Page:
Its hard to see in the picture but the Traditions flask uses a cross bar valve, theres a push button which slides a bar that allows powder through a hole.

CVA:

The CVA uses a more old school lever that uncovers the hole.

I bought the Traditions first, I think because it had more reviews and there were concerns about the finish on the CVA. The CVA I bought a couple months ago because I'd left the Traditions flask at camp. It turns out that I like the CVA a LOT more. Powder flow is much more regular with the CVA, with the Traditions flask the powder gets stuck, so I need to close the valve, put my finger over the end of the spout, open the valve and give the flask a vigorous shake to dislodge the powder.  Traditions says the spout holds 30 grains so I generally have to repeat the process at least twice to fill my powder measure.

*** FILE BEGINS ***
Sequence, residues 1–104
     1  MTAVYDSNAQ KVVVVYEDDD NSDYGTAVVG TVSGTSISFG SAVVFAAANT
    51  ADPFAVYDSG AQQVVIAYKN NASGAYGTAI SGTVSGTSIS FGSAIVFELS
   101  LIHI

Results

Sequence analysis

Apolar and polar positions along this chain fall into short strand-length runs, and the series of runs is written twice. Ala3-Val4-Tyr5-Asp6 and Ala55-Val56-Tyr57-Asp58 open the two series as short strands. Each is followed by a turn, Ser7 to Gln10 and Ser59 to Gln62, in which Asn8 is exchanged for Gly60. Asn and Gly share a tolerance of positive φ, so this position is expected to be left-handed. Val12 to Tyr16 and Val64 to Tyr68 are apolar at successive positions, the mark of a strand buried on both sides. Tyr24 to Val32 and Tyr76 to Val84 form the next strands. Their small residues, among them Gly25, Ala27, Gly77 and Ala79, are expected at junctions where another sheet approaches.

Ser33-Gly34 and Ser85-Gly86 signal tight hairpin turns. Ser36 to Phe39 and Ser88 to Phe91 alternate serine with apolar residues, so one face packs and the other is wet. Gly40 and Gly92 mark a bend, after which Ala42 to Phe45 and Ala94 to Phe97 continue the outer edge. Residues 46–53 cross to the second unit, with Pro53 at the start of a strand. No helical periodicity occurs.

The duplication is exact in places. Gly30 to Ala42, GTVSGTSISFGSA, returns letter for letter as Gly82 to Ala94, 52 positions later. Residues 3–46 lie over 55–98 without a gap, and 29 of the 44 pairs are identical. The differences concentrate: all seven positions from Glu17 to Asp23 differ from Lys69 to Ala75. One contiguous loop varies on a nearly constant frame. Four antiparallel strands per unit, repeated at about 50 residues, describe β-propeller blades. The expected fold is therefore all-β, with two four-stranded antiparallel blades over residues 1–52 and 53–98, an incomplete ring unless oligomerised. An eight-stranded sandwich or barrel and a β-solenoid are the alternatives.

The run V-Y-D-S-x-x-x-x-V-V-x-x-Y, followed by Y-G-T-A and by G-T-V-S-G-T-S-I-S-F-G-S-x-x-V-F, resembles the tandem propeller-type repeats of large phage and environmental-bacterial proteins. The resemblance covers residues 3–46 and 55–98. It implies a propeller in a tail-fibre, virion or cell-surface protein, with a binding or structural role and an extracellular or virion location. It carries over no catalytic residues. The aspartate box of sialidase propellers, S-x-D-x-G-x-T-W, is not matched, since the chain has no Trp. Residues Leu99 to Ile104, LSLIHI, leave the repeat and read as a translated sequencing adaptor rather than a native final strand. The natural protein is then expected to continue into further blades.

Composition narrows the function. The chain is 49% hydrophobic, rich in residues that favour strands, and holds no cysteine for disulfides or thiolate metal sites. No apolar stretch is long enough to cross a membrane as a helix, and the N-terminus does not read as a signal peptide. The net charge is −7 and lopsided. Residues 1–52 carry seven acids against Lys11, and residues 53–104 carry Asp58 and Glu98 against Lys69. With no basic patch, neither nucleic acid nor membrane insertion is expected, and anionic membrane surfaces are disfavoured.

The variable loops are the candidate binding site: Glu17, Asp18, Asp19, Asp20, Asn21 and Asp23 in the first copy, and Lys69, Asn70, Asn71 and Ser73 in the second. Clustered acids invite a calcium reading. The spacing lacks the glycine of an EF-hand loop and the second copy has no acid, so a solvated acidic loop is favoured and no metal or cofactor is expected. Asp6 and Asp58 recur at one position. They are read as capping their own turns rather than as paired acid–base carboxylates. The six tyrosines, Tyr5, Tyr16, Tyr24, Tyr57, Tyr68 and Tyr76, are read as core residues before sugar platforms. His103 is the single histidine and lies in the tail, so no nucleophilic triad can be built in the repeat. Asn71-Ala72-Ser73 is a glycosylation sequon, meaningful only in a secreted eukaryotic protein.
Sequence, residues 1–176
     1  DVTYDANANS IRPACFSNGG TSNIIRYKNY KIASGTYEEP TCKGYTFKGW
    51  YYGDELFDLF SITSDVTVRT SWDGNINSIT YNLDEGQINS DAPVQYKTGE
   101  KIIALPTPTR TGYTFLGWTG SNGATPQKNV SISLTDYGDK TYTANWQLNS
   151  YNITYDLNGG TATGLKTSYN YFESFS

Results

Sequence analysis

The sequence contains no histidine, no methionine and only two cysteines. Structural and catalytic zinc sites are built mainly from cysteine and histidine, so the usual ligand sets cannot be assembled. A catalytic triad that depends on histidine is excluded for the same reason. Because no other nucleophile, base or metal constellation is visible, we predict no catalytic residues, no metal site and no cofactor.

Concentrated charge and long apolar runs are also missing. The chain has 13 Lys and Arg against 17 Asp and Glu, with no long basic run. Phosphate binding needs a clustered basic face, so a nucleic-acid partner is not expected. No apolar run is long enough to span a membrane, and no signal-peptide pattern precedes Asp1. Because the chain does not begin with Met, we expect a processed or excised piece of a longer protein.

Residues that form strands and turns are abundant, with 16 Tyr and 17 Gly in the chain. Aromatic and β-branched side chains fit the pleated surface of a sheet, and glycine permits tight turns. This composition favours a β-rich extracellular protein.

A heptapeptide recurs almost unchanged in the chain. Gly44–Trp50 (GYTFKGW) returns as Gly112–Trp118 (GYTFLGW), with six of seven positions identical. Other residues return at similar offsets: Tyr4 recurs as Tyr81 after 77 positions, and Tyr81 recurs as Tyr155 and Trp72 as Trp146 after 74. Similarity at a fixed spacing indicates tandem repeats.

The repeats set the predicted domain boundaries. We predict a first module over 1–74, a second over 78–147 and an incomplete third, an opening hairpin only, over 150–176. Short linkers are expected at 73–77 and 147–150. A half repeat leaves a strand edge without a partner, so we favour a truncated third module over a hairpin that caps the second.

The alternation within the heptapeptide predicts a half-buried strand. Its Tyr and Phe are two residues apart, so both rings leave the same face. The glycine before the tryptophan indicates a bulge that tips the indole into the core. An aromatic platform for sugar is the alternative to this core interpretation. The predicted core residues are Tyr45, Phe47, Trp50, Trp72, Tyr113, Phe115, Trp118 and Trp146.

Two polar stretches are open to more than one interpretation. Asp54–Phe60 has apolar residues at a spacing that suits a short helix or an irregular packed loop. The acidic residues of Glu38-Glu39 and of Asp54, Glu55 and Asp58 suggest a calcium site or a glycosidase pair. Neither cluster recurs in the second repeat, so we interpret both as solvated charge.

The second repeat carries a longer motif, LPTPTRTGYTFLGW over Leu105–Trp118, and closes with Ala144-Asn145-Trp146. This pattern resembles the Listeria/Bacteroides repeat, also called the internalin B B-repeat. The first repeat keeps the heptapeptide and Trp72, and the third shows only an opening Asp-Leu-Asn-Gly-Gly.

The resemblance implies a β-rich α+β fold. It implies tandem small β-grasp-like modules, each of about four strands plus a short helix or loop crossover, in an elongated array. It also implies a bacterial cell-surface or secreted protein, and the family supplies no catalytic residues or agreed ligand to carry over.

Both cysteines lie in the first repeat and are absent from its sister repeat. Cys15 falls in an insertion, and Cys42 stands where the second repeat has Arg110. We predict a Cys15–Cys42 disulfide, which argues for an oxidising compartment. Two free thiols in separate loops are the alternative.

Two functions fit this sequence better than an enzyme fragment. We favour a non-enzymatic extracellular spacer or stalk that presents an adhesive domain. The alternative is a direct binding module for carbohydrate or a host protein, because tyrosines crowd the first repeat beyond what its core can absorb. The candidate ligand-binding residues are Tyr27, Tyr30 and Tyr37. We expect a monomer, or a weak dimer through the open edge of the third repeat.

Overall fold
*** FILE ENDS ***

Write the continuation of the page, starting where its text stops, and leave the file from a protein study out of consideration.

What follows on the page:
By comparison the CVA rarely sticks the way the Traditions measure does so I can open the valve and flow powder into the measure more easily.

The finish is pretty much the same, I did see a tiny amount of corrosion on the inside of the flask along the seam on the tube but it wiped off with a paper towel. The CVA is slightly (less than a dollar) cheaper than the Traditions flask too so for me this is a no brainer, if you're into muzzleloading and need a flask the CVA is the way to go.

Wednesday, September 13, 2017

More flintlock fun

I'm trapped in California for two weeks but dreaming of last week when I took the old flintlock to the range:


Three shots from 50 yards. Its a little low but I didn't want to raise the sight too fast and start shooting over. The target looks a little ragged because I didn't get it tight against the backer. The holes through the board look perfect. From the bench I could keep my shots into about a 1.5" circle. Standing that opened up to more like 4". For a primitive biathlon you need to hit a 6" target so I'm right about where I need to be. With more practice I should be even better.